Channelpedia

PubMed 25589759


Referenced in Channelpedia wiki pages of: none

Automatically associated channels: TRP , TRPV , TRPV1



Title: Primary afferent and spinal cord expression of gastrin-releasing peptide: message, protein, and antibody concerns.

Authors: Carlos Solorzano, David Villafuerte, Karuna Meda, Ferda Cevikbas, Joao Bráz, Reza Sharif-Naeini, Dina Juarez-Salinas, Ida J Llewellyn-Smith, Zhonghui Guan, Allan I Basbaum

Journal, date & volume: J. Neurosci., 2015 Jan 14 , 35, 648-57

PubMed link: http://www.ncbi.nlm.nih.gov/pubmed/25589759


Abstract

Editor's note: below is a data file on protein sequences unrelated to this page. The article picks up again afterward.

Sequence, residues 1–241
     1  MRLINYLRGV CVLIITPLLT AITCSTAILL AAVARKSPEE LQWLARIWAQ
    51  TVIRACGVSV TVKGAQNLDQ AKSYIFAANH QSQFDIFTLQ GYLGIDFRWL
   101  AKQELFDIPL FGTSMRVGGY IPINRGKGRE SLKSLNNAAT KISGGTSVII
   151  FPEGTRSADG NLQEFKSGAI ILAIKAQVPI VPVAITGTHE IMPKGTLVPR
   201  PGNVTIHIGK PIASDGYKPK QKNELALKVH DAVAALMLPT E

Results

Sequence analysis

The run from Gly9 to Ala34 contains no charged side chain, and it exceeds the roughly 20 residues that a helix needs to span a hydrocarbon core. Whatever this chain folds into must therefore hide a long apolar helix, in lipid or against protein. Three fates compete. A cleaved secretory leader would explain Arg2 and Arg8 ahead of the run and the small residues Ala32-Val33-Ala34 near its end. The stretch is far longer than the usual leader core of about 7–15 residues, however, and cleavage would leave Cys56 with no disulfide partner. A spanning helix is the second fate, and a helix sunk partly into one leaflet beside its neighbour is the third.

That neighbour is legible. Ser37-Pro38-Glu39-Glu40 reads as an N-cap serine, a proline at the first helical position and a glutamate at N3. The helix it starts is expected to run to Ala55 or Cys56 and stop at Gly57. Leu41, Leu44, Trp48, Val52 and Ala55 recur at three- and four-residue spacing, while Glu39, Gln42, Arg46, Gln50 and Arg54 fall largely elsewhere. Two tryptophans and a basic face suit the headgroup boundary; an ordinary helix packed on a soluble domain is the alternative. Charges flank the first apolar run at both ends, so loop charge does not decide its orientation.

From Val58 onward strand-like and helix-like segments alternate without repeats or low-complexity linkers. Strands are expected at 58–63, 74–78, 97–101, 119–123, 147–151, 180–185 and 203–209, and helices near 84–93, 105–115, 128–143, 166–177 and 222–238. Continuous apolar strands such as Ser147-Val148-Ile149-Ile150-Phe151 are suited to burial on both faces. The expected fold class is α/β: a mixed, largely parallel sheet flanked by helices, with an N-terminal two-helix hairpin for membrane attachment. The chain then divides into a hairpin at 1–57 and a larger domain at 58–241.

There is continuing controversy relating to the primary afferent neurotransmitter that conveys itch signals to the spinal cord. Here, we investigated the DRG and spinal cord expression of the putative primary afferent-derived "itch" neurotransmitter, gastrin-releasing peptide (GRP). Using ISH, qPCR, and immunohistochemistry, we conclude that GRP is expressed abundantly in spinal cord, but not in DRG neurons. Titration of the most commonly used GRP antiserum in tissues from wild-type and GRP mutant mice indicates that the antiserum is only selective for GRP at high dilutions. Paralleling these observations, we found that a GRPeGFP transgenic reporter mouse has abundant expression in superficial dorsal horn neurons, but not in the DRG. In contrast to previous studies, neither dorsal rhizotomy nor an intrathecal injection of capsaicin, which completely eliminated spinal cord TRPV1-immunoreactive terminals, altered dorsal horn GRP immunoreactivity. Unexpectedly, however, peripheral nerve injury induced significant GRP expression in a heterogeneous population of DRG neurons. Finally, dual labeling and retrograde tracing studies showed that GRP-expressing neurons of the superficial dorsal horn are predominantly interneurons, that a small number coexpress protein kinase C gamma (PKCγ), but that none coexpress the GRP receptor (GRPR). Our studies support the view that pruritogens engage spinal cord "itch" circuits via excitatory superficial dorsal horn interneurons that express GRP and that likely target GRPR-expressing interneurons. The fact that peripheral nerve injury induced de novo GRP expression in DRG neurons points to a novel contribution of this peptide to pruritoceptive processing in neuropathic itch conditions.